“We at Nexus Pharmaceuticals are very pleased with the issuance of the occupancy authorization for the site,” said President and CEO, Mariam S Darsot. “This is a critical milestone and brings us one step closer to manufacturing critical and essential medications in the United States. I would like to thank all of our vendors and especially our Project Tomorrow team here at Nexus for their tireless efforts in reaching this tremendous juncture.”

Now the staff are able to relocate into the manufacturing facility, Nexus anticipates a forthcoming inspection by the FDA, completing the four-year journey from concept to completion. Pending approval, commercial pharmaceutical production is hoped to begin as early as 2022.

Meanwhile, Nexus is continuing its commitment to supporting the Wisconsin economy by creating over 400 new local jobs long-term. The company anticipates completing phase one of hiring and operations by the beginning of the third quarter of 2021, which will create 77 jobs in the fields of high-tech manufacturing and scientific research. Phase two of hiring is expected to commence in 2022.


Cytovia Inks Two Deals Covering R&D and Biomanufacturing Operations

Cytovia Therapeutics, a biopharmaceutical company developing allogeneic “off-the-shelf” gene-edited chimeric antigen receptor (CAR)-NK cells derived from induced pluripotent stem cells (iPSCs) and NK-engager bispecific antibodies, entered into two agreements for R&D and manufacturing operations in Massachusetts and Puerto Rico. The deals are intended to accelerate the company’s universal iPSC NK cells towards clinical trials beginning in Q4 2021 and gene-edited iPSC CAR-NK cells by 2022.

Cytovia will move into new lab space at the ABI-LAB facility in Natick, MA, this month, and has started recruiting R&D and process development personnel to its existing team. Cytovia’s existing cell therapy operation under the New York Stem Cell Foundation and antibody GMP manufacturing with STC Biologics will continue.

Cytovia also signed a long-term joint collaboration manufacturing and operations agreement with BioSciencesCorp to integrate Cytovia’s manufacturing processes within an existing 95,000-sq-ft cGMP facility, including more than 40,000-sq-ft of cleanroom and biomanufacturing, located in Aguadilla, Puerto Rico. The company will recruit manufacturing personnel beginning in summer 2021.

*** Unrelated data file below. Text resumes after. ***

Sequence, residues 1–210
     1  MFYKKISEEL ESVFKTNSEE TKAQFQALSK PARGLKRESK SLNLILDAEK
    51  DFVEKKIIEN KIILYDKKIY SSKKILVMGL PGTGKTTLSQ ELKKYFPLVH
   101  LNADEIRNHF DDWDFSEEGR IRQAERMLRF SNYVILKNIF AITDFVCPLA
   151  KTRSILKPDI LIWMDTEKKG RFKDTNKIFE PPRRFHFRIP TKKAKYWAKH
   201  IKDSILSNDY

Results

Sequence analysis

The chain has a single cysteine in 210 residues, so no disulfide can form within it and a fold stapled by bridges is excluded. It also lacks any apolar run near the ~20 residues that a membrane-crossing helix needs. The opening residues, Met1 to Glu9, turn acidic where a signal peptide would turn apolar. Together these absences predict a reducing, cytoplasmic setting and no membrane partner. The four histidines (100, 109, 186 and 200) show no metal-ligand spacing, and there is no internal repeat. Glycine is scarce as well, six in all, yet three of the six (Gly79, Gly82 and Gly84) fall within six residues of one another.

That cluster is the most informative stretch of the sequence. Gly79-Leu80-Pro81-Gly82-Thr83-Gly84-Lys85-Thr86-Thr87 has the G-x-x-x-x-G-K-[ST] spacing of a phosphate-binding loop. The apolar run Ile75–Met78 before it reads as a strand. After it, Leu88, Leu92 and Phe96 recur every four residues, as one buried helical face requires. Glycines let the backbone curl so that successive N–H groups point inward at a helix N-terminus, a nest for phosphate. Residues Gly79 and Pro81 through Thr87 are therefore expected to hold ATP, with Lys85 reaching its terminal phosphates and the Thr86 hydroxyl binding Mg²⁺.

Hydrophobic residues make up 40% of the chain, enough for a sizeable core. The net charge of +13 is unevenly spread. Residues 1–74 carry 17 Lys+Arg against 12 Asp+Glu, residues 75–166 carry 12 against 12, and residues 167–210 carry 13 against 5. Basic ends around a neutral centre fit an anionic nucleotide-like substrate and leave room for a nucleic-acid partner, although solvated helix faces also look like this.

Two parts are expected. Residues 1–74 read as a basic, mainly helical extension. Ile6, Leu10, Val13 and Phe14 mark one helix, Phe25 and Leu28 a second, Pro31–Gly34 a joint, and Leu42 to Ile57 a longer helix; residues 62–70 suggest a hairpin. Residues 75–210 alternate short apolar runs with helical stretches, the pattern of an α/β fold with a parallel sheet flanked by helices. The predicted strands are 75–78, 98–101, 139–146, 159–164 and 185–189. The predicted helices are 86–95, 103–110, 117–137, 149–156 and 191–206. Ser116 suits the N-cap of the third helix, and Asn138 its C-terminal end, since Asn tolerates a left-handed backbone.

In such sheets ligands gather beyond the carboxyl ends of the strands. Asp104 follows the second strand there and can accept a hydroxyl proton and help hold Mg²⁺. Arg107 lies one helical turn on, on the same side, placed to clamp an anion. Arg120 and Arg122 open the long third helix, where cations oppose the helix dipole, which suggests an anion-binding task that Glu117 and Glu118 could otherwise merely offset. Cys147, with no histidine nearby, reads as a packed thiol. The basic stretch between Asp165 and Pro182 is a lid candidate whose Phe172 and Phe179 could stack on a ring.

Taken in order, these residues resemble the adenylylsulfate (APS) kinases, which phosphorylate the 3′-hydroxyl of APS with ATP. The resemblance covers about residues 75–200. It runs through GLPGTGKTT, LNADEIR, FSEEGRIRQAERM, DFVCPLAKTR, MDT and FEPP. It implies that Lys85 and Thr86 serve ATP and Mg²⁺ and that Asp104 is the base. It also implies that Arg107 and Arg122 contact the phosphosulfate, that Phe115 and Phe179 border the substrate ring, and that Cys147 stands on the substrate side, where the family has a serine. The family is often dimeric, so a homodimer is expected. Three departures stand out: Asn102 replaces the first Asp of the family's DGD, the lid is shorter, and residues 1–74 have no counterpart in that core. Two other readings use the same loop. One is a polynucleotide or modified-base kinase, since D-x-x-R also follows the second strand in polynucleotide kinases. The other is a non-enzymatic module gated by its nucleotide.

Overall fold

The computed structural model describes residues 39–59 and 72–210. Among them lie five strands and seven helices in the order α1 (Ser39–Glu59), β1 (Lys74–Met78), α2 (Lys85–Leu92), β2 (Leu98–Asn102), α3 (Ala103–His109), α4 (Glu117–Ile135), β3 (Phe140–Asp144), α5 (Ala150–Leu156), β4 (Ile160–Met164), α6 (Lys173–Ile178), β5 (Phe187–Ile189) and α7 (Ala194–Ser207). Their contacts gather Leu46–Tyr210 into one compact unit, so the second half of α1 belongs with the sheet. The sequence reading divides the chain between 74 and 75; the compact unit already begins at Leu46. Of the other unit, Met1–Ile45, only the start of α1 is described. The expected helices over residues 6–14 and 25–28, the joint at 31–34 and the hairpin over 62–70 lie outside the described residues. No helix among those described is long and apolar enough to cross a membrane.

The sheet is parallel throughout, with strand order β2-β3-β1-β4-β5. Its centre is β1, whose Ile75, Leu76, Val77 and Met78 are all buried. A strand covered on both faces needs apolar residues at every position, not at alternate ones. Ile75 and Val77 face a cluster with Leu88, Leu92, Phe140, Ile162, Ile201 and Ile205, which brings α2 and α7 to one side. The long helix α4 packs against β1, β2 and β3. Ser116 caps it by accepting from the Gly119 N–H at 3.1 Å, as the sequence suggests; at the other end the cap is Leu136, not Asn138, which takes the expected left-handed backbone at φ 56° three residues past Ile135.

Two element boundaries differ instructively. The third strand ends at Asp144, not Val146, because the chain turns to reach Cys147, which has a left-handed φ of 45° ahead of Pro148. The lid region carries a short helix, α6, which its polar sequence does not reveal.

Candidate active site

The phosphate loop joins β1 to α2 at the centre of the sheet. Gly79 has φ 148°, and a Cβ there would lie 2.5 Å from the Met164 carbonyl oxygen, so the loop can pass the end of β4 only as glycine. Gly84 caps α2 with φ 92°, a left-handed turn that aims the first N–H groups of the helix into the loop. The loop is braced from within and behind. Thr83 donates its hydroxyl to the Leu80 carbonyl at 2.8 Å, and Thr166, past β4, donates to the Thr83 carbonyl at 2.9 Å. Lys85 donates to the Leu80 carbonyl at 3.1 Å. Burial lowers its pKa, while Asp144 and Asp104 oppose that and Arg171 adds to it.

“We’re excited to rapidly expand our R&D team with the best talent in the Boston area. The combination of advanced laboratory space and cost-effective cGMP manufacturing capability represents a highly significant milestone as Cytovia’s NK off-the-shelf cell therapies and bispecific products accelerate towards the market,” said Wei Li, CSO of Cytovia Therapeutics. “The integration of Cytovia’s two new facilities is designed to allow the company to take each of our products rapidly and seamlessly into clinical and commercial production.”

The Natick laboratories will comprise four activities: NK cell biology, gene-editing, antibody and CAR development, and NK cell pilot manufacturing. The NK cell technology will then transfer directly to larger-scale but matching production operations in Puerto Rico.

Cytovia’s first cell product is scheduled to be in the clinic in 2021 with up to three additional CAR-NK cell products following in 2022.

“The new facility gives Cytovia streamlined control over cGMP production in a facility that has been designed to meet global regulatory expectations and readiness for FDA, EMA, and global regulatory audits,” noted Robert Salcedo, the president of BioSciencesCorp and acting head of Cytovia manufacturing.

“By operating multiple cell modular clean rooms and bioreactors scaled to 25 L, the cGMP facility will provide best-in-industry capacity to support clinical and commercial operations. The facility has been designed to allow multi-product manufacturing, enabling Cytovia to produce iPSC-derived CAR NK therapeutics for thousands of patients and positioning it as a leading cell therapy company with full clinical and commercial manufacturing capabilities.”

“We are delighted to welcome Cytovia Therapeutics to the Boston biotech ecosystem,” added Raphael Nir, PhD, co-founder, managing partner, and CSO of ABI-LAB. “Cytovia brings some of the most advanced R&D capabilities in cell therapy and antibody development, with vast potential to provide a breakthrough anticancer treatment. We are thrilled to be part of this important journey and will provide any help to expedite Cytovia development efforts towards clinical trials.”


G-CON PODs Selected by Matica Biotechnology for GMP Viral Vector Facility